When Brian Winka was managing soccer fields for the city of Chesterfield, Missouri, he thought there had to be a better way to manage Bermuda playing surfaces in the transition zone than the lather, rinse, repeat method of overseeding and transition that never really produced the results he was looking for anyway.
Rather than pushing Bermuda aside for rapidly establishing ryegrass and then trying to nurse it back to health, he thought there had to be a way for warm-season and cool-season grasses to coexist.
"The big thing was we had a lot of play at our facility. We were parks and rec. There were no away games," said Winka, now a St. Louis-based rep with Advanced Turf Solutions of Fishers, Indiana. "Teams practice here and play all their games here. There's no rest. I was overseeding 30 acres of Bermudagrass every year with ryegrass. The areas where I needed coverage the most, the ryegrass never had a chance to establish, and then the Bermuda suffered because of the ryegrass. I thought it didn't make sense spending all that money and not getting quality results. And by going through overseed and transition I was creating a weaker plant. I wanted to try a different method. I thought if I could get warm- and cool-season grass to coexist and change the fertility to feed the plant slowly and create a stronger plant and increase its traffic tolerance then that made sense."
He devised a method of interseeding Kentucky bluegrass into an existing stand of Bermuda that has become known as Bluemuda.
"It is a solution for turf managers in the transition zone," Winka said. "It's an alternative to overseeding with ryegrass and transitioning back to Bermuda in the spring. It's a system of growing bluegrass and Bermuda together year-round."
And it's not just for athletic fields. Managed correctly, Bluemuda allows golf courses superintendents to get the best attributes out of cool-season and warm-season turf in fine cut fairway turf.
Fine tuning the program, which includes a lean fertilization program, has been tweaked in the field at the University of Missouri, University of Kentucky and Virginia Tech. Each is a perfect location for research into Bluemuda since each experiences extreme hot and humid conditions in the summer and very cold winters.
"Missouri is one of the hardest places to grow grass," Winka said. "I know Kentucky is not far off."
The system was perfected adopting some of the cultural practices being used by Jerad Minnick when he was a managing multiple fields at the Maryland SoccerPlex.
It seems like every year we are trying to push the limits of how far we can go.
"We adopted a lot of the things Jerad was doing in Maryland, aggressive cultivation, topdressing, it's all part of the solution," Winka said. "You can't just throw it out there and think you're good to go."
The benefit for golf course superintendents is fairway turf that together stands up to stress factors like cold, heat and traffic better than either stand could do alone, Winka said. It also provides an aesthetically pleasing surface.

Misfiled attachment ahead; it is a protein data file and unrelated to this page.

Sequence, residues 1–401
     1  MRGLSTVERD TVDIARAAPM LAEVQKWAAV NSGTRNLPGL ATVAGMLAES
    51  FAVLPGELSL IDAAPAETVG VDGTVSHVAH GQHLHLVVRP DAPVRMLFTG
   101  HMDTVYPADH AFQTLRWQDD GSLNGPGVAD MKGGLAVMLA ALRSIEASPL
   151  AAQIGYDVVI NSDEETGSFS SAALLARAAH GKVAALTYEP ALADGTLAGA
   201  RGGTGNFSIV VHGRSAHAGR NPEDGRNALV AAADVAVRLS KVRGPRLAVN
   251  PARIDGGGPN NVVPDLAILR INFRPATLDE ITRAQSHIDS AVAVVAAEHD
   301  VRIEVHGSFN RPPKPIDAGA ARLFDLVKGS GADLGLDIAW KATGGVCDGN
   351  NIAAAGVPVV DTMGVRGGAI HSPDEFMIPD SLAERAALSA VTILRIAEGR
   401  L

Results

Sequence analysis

"People have been growing both together for years by accident, but I think I'm the first one to do it intentionally," he said. "Traffic tolerance is better and it has better recovery. Because of the bluegrass, you also get a darker green color and the ability to stripe the fairway very nicely."
To date, Winka has helped convert turf managers as far north as central Ohio, as far south as Oklahoma, as far east as Maryland and as far west as California.
"It seems like every year we are trying to push the limits of how far we can go," he said. "I think we can south farther than we can go north. You can only go so far north before winterkill becomes an issue. With heat-tolerant bluegrasses we can go farther south."
Winka has developed his program using Barenbrug's HGT Kentucky bluegrass seeded into almost any variety of Bermuda.
The program works best with a bluegrass that is heat and wear tolerant, germinates quickly and is disease tolerant.
"I'm not saying others won't work," he said. "I looked at the NTEP trials and HGT hits the marks I'm looking for."
The process has proven successful with several varieties of Bermuda, from old cultivars like Quickstand to newer varieties like Northbridge, Latitude 36 and Riviera. Throughout the summer, the mixed stand can withstand mowing heights of three-fourths to one-half inch. The typical objections come from those who believe a mixed stand will not work.
"It goes against what we learn in school," said Winka. "But genetics and things change, and that is what allows it to work.
"If you can't manage it correctly, it's not going to work. It will fail if you don't follow the program or fertilize it improperly. If you have patience and follow the program, it will work."